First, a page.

Queer and Now: Goals Versus Reality

Ashleigh Brink // Columnist 

Well, it’s nearing the end of the semester and the Courier is still letting me write these — go team? Thank you to the three-or-so CapU students who are actually reading this. Anyway, watching Grey’s Anatomy for the first time the other day, I noticed something. There are a few extremely distinct types of queer representation visible in popular media today. First off, there’s the bad stuff. The caricatures, the stereotypes and the punchlines. Next, there are the realists. They depict things as they currently are in the world. The good, the bad, and the downright ugly. Finally, there are those who present queer individuals and stories in an almost hopelessly optimistic light. They depict things as they should be. Ideally, setting precedent in the minds of their consumers for how people should be treated — how gayness in and of itself should be addressed. Between the latter two, both have different strengths and weaknesses. And ultimately, both are extremely important.  

This should probably go without saying, but the bad representation is really fucking bad. It is extremely damaging to the LGBTQ+ community, and negatively influences the heterosexual community’s interpretation of us at large. A prime example of this are the comedians who consistently make awful jokes that punch down. That is, jokes made at the expense of less privileged groups. That, in combination with using LGBTQ+ individuals as punchlines, contributes to the normalization of homophobic sentiment. That is extremely problematic. Moving the needle forward is hard enough without some clowns who think they’re funny dragging it right back. Especially when it’s the “edgy” comedians who largely appeal to those already leaning  right of centre.  

Getting back to the positive, nicer side of things, there are two angles with which to view media’s queer representation: implicit and explicit. Implicit representation, referring to the media’s own view of the LGBTQ+ characters and their stories. Do they present the character’s gayness without fanfare? Without judgement? Do they ultimately just tell a story where a character happens to be queer? This implicit level of representation is always necessary. Regardless of the story’s approach to explicit representation it must present it in an easy, non-judgemental way. Don’t get me wrong, the character’s queerness and identity can, of course, play a massive role in shaping their story and their experiences, but the representation should never be framed exclusively around it. 

Explicit representation is where things get interesting, and creators can take some creative liberties with the direction of their story. The first approach they can take is that of the realist. Telling hard, real stories, warts and all. Showcasing the discrimination, and ultimately many of the hard realities that LGBTQ+ people deal with, in many cases, on a day-to-day basis. A perfect example of this is the relatively recent HBO show, Euphoria. I won’t elaborate too much, as I have already spent an entire article rambling about it, but it is the best recent example of this type of representation I can think of. It tells a quite rough, yet very powerful and real story. Of course, it has all the hallmarks of exceptional implicit representation as well.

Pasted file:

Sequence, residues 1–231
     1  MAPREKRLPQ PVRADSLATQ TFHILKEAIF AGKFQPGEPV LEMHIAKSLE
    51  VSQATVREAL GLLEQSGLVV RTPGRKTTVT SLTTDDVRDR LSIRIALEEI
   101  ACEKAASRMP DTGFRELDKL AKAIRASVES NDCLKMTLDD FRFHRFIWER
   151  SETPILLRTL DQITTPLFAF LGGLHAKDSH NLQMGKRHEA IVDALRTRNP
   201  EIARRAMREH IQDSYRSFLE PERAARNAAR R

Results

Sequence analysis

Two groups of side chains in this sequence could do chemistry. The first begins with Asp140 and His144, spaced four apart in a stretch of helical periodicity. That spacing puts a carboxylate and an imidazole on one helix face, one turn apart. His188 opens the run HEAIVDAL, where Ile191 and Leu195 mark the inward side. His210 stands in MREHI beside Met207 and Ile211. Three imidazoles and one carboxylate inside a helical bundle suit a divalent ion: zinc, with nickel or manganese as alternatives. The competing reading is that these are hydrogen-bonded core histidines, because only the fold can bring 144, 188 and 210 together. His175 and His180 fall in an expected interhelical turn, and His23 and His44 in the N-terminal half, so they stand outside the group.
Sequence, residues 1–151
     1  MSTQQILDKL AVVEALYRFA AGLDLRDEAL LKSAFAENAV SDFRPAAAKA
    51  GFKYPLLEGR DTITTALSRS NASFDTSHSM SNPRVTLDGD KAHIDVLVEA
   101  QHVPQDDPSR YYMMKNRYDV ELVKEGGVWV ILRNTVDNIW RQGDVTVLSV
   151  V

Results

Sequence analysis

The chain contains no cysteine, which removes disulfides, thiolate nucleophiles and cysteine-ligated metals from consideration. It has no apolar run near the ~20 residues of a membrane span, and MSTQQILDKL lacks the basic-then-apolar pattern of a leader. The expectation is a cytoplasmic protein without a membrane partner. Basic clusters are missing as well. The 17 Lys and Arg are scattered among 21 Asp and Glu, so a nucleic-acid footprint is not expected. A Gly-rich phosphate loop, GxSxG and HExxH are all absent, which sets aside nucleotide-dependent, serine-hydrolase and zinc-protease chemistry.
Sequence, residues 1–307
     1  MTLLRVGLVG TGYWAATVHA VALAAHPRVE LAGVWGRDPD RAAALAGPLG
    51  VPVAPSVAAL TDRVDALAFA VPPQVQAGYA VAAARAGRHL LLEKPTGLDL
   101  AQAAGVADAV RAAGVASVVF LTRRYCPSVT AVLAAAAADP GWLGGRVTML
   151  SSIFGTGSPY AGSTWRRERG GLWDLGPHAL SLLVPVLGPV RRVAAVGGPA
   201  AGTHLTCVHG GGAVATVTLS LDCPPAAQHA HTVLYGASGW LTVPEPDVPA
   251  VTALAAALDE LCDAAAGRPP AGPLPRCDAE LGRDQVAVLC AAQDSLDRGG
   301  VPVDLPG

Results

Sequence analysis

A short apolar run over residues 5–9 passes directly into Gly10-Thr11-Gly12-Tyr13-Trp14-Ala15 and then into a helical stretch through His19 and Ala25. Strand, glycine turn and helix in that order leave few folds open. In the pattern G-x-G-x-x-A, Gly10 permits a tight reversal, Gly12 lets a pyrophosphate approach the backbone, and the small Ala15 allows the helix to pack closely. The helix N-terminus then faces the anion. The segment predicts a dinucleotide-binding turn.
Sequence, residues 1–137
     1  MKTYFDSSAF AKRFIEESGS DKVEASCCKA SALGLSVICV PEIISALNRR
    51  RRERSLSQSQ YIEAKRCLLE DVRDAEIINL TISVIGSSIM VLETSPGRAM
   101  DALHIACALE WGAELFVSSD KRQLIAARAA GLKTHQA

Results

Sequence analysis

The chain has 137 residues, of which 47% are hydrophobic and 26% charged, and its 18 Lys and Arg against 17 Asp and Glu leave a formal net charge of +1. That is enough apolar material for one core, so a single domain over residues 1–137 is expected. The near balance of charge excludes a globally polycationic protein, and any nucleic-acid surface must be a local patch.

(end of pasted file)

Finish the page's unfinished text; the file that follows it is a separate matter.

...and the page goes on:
On the other hand, there is also idealistic representation. The stories that are almost hopelessly optimistic. Shows where queer identities and gay love stories aren’t given a second thought. They just are. And even if there is a homophobic incident introduced, it is promptly and effectively shut down, (as it should be). It shows the audience how things should be in the real world. A prime example of this is Brooklyn Nine-Nine. It provides a window into a better society, where even the Jake Peralta’s of the world know what’s up. 

Ultimately, these two types of representation are both powerful and influential in their own right. One tells the stories of the less fortunate. Stories of those who have struggled against the weight of our heteronormative world, which deserve to be told after the LGBTQ+ community has been silenced for so long. The other paints a picture of the world as it should be. What we, collectively, should aspire to. So that maybe one day, queer kids will grow up in a world where it is okay to be themselves. I hope that day is not too far off. 

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